Hypersonics – From Shock Waves to Scramjets
A flow is called hypersonic if the Mach number is greater than 5. This means that the flow speed is more than five times the speed of sound. In air at room temperature, the speed of sound is around 340 m/s, so a Mach 5 flow would have a flow speed of 1.7 km/s or just over 6,000 km/h. When a rocket launches a satellite into earth orbit, when a probe enters the atmosphere of another planet or when an aircraft is propelled by a supersonic combustion ramjet engine (a scramjet), hypersonic flows are encountered. Hypersonics - from Shock Waves to Scramjets introduces the basic concepts associated with flight at speeds greater than Mach 5 and takes students to the stage where they can analyse the performance of a scramjet engine that might be used in a future access-to-space system.
Upcoming start dates
- Self-paced Online
Who should attend?
This is an open course and anyone can choose to participate and learn about hypersonics. If, however, you want to delve into the field deeply, it is recommended that you have a good understanding of introductory concepts in Calculus, Fluid Mechanics and Thermodynamics. These will enable you to fully participate in the course, particularly the assessment tasks. The following online courses could be useful for you to access before you start to get yourself up to speed:
- Differential Equations (MIT Opencourse): Unit 1: Basic DE's, Linear ODE's, Integrating Factors
- Calculus with Applications (MIT Opencourse): Any calculus related math required for our course
- Thermodynamics and Kinetics (MIT Opencourse): Look up lecture notes to cover basic introductory thermodynamics
What is Hypersonics?
This section provides an introduction to the course. What we mean by "hypersonic speeds" is discussed and examples of vehicles that travel at such speeds are given. Shock waves and scramjets are also introduced. The rocket equation is introduced to show why staging of launch vehicles is used. The scramjet engine arrangement used throughout the course is outlined.
The times when a flow can be considered to be "isentropic" are introduced. This leads on to the fundamentals of compressible flow and steady adiabatic flows. We use the flow in a scramjet nozzle to demonstrate the principles.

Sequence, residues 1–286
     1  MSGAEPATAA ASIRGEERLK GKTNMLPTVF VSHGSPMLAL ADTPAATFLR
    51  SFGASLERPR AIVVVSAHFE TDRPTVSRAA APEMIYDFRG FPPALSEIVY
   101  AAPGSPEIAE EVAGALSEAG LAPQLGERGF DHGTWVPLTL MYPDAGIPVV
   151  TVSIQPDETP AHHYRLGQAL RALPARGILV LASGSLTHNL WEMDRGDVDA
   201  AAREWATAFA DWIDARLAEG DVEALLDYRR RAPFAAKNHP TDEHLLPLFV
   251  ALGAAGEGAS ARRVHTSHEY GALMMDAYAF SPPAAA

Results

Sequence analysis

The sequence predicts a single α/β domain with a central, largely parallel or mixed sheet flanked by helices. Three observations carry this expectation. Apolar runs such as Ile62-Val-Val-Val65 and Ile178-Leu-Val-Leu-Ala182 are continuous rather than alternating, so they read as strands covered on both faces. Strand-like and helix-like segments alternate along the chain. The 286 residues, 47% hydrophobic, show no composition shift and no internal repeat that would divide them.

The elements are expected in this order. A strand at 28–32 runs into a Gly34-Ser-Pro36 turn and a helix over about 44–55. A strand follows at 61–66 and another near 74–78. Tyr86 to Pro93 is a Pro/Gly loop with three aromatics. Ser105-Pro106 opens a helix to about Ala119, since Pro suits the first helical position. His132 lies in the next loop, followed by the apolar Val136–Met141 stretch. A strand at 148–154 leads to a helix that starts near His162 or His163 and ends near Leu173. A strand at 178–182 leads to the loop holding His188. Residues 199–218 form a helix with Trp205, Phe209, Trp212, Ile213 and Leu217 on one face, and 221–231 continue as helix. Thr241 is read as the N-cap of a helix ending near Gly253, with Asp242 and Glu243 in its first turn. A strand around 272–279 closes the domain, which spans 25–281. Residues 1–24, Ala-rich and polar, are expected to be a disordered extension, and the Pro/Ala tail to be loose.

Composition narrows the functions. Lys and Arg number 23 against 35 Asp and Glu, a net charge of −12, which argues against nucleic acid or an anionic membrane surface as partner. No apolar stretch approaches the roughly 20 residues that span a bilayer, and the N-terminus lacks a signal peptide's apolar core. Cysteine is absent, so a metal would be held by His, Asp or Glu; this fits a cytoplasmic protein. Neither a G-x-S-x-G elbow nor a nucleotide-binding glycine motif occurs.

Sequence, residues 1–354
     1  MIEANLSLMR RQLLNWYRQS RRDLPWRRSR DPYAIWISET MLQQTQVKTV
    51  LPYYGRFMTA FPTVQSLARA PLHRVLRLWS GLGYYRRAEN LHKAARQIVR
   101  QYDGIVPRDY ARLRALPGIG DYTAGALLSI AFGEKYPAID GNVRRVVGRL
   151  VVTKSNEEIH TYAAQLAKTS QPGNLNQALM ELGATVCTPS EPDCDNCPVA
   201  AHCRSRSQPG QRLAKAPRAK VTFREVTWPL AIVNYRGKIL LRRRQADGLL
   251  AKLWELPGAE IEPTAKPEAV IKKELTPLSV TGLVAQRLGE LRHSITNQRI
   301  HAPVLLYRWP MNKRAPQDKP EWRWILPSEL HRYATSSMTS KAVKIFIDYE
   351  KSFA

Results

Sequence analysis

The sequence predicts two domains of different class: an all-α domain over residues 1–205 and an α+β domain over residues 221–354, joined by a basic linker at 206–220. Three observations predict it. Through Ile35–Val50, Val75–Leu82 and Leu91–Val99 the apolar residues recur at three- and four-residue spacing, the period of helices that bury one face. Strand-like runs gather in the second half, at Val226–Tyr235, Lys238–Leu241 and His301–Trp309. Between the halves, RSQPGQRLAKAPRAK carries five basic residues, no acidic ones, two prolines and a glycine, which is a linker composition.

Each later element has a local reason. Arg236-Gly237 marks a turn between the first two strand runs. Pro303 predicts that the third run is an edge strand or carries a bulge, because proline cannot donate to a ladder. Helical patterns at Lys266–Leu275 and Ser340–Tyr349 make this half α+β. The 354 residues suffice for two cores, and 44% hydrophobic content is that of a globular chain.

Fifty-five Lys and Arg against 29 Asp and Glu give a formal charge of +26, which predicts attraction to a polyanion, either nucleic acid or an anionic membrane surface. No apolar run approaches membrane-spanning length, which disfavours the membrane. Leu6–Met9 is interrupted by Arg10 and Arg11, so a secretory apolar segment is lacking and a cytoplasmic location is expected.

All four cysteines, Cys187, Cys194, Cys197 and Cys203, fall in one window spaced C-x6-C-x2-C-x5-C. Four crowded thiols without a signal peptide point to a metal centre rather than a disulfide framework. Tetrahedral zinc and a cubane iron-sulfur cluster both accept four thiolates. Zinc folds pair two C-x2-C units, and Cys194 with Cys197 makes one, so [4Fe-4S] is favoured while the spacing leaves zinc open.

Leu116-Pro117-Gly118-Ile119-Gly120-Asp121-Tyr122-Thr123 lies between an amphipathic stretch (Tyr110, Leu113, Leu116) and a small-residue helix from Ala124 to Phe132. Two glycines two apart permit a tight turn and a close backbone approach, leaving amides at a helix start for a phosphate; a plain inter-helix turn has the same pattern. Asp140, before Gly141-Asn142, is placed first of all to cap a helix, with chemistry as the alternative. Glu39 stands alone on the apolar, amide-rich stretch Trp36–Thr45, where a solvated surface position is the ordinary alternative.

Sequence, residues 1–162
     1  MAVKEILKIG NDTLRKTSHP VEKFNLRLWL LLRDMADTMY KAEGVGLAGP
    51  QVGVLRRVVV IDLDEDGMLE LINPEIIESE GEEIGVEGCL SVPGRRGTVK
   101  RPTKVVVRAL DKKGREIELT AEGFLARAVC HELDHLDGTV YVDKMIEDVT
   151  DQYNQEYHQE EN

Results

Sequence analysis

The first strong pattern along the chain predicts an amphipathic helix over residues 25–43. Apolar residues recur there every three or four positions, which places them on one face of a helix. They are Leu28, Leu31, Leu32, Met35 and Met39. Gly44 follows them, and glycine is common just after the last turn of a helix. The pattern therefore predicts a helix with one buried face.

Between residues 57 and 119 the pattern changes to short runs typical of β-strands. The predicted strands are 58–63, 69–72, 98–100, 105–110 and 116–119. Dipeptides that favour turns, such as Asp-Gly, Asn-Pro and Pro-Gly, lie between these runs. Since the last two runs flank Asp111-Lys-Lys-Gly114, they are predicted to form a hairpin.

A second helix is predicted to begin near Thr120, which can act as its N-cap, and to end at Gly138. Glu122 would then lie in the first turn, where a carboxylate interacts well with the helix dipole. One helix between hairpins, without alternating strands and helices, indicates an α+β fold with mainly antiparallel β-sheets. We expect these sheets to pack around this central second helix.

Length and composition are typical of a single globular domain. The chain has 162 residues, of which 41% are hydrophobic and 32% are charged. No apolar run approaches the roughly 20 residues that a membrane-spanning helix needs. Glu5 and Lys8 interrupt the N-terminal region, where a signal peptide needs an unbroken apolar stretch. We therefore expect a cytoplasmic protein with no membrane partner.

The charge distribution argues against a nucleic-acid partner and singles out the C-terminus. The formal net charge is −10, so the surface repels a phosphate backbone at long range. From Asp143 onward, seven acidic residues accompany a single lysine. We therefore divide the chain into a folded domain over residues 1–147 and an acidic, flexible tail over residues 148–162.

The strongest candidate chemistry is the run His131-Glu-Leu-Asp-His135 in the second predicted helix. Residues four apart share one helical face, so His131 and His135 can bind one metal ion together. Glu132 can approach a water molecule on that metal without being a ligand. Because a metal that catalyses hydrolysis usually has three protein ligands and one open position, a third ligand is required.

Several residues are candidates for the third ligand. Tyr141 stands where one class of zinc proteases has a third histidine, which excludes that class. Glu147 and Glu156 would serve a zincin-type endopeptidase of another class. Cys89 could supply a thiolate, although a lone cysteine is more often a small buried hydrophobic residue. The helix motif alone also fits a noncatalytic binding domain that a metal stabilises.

Normal and oblique shock waves form when objects travel at close to, or in excess of, the speed of sound. In this section, methods for modelling the flow across shock waves are presented and discussed. Results from experiments are used to show the influence of flow deflection angle on the shock wave formed at hypersonic speeds. We use the flow in a scramjet intake to demonstrate the principles.
Combustors in Scramjets
Flows with friction, heat addition and stoichiometry are important considerations for scramjet combustors. In this section example problems are worked through to show the importance of friction and heat addition to fluid flow at different Mach numbers. Stoichiometric concepts are developed so that the use of different fuels can be modelled.
This section looks at hypersonic flight, flight corridors and vehicle design. Hypersonics facilities, such as reflected shock tunnels and expansion tubes, are described since these are used to test scientific hypotheses related to hypersonic flight.
This section describes the state of scramjet technology as it exists today, examines the history of scramjets and then looks at future possibilities of scramjet technology. The overall thrust of an air breathing engine is calculated.
In the final section, students are required to analyse the flow through an engine and determine the Specific Impulse for their own scramjet design.
Course delivery details
This course is offered through The University of Queensland, a partner institute of EdX.
4-8 hours per week
- Verified Track -$199
- Audit Track - Free
Certification / Credits
What you'll learn
- When compressible flow occurs, how it behaves and when a flow becomes hypersonic
- How to model 1D compressible flows
- The nature of shock waves
- The effects on a flow when the flow is hypersonic
- How scramjet propulsion fits within context of aerospace propulsion
- How to model the performance of a simple 2D scramjet engine
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